When they arrived at the southern border, both men filed asylum claims. However, because they were not married to one another, the immigration system could not link them. This meant that their cases would be handled entirely separately, without some of the benefits that married couples can access. Married couples can be separated while their claims for asylum are processed, but a successful married asylum claimant can sponsor a spouse.

Cost of some immigration applications are going up

A recent U.S. Citizenship and Immigration Services announcement indicates that the cost of citizenship applications will increase to $1,170 from $640. That's an 83% rise in the cost of citizenship applications. The USCIS is a federal agency, so the price increase will impact people applying for citizenship in Indiana and all over the country. The agency has proposed a 21% increase in the overall cost of some immigration applications, saying the increase in prices is required to cover costs and pay for applicant reviews.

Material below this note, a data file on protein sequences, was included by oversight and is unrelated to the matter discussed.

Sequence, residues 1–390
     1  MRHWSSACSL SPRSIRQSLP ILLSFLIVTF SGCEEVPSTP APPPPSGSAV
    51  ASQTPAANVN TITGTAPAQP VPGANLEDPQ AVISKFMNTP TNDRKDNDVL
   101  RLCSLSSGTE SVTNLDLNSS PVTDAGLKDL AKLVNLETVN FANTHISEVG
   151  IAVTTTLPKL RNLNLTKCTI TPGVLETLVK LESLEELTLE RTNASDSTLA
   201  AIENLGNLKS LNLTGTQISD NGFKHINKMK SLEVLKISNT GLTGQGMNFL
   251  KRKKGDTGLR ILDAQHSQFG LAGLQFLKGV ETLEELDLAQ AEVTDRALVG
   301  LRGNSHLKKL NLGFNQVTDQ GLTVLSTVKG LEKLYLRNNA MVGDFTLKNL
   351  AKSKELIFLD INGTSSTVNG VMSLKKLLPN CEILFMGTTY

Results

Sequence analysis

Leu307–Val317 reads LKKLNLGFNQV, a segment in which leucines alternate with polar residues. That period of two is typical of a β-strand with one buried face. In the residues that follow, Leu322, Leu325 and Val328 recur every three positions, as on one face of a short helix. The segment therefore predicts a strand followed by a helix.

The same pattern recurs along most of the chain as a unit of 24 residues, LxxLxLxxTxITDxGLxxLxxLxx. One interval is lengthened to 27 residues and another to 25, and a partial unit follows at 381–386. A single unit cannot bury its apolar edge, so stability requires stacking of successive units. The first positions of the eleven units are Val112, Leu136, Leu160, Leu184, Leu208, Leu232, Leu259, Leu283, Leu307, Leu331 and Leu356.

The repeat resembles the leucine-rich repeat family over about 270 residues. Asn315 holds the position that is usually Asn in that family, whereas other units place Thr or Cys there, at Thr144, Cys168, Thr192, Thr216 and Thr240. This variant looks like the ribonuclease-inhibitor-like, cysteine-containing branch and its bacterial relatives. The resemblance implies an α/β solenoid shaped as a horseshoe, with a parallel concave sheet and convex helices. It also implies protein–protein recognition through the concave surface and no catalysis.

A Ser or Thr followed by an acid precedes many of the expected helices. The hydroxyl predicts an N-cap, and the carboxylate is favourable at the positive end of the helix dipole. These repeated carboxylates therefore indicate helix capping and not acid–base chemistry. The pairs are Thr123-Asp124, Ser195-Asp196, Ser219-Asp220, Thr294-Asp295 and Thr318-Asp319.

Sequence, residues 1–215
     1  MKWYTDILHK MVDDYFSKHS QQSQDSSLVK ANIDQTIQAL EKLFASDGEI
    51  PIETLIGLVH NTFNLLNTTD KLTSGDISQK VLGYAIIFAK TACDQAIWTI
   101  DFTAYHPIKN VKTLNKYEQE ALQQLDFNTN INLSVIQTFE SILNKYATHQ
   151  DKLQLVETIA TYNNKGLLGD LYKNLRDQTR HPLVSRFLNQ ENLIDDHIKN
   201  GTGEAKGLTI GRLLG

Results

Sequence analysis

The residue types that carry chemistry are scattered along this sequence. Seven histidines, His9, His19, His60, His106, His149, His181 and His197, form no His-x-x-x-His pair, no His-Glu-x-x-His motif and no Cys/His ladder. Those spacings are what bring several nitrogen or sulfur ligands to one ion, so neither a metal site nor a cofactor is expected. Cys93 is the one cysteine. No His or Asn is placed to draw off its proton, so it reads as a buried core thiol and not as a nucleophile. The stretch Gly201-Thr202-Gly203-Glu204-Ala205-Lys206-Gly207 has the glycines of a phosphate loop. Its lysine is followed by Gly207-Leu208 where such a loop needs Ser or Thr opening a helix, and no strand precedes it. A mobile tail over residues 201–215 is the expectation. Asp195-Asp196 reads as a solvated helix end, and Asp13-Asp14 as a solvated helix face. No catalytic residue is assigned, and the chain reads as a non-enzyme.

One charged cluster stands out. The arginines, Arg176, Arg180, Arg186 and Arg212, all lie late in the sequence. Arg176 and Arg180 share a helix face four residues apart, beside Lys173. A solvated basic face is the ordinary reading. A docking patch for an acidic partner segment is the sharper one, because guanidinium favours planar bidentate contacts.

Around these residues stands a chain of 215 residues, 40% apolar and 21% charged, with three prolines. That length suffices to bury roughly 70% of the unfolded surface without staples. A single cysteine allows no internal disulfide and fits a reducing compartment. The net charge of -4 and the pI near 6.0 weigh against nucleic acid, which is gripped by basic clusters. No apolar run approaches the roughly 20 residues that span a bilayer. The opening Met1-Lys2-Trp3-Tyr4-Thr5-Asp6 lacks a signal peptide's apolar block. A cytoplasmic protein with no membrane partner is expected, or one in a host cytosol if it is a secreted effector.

The USCIS proposal also limits or eliminates the availability of certain fee waiver programs. Some political analysts have opined that the increased prices might keep people who are otherwise eligible from completing the process of legal immigration. The acting director of USCIS said the agency is required to look at incoming funds and expenditures in much the same way a business would have to. The fee adjustments would reportedly minimize subsidies needed to cover applicants' costs.

Employment-based immigration restrictions hinder tech development